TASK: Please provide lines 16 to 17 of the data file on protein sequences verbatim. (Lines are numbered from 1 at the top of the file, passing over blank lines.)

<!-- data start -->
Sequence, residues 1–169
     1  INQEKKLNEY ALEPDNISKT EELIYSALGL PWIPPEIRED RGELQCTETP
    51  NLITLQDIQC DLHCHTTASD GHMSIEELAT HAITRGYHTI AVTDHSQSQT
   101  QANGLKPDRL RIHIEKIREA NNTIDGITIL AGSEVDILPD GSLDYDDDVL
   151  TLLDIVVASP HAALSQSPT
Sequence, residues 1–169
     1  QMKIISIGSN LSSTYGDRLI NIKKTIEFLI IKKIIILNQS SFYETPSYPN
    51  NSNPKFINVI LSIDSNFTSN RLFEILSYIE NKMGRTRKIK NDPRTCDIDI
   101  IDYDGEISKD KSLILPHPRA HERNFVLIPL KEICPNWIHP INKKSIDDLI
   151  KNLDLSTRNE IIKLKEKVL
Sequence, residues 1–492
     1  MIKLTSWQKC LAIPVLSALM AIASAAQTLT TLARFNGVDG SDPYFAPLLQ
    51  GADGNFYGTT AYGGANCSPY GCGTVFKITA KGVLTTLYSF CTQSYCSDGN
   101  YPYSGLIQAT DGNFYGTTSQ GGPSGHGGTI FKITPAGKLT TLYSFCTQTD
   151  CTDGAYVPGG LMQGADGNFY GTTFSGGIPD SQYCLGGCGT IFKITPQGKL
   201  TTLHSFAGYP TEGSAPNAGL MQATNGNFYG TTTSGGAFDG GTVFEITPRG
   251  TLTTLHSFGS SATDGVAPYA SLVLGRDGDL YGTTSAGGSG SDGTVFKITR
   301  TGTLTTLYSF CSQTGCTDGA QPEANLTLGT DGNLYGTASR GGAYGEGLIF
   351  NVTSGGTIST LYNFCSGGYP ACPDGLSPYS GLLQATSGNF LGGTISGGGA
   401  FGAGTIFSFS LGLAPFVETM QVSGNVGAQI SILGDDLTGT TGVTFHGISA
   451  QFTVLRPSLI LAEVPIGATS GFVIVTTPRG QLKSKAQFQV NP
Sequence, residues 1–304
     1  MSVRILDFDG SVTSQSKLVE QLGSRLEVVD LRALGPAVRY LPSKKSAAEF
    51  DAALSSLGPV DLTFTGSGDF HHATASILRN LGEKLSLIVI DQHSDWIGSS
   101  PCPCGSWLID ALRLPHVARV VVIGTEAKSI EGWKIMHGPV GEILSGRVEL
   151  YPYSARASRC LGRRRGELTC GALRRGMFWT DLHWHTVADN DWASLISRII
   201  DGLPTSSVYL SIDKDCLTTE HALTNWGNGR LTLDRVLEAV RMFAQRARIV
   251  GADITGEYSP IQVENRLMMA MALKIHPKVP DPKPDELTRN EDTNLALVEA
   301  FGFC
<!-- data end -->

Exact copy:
   201  TTLHSFAGYP TEGSAPNAGL MQATNGNFYG TTTSGGAFDG GTVFEITPRG
   251  TLTTLHSFGS SATDGVAPYA SLVLGRDGDL YGTTSAGGSG SDGTVFKITR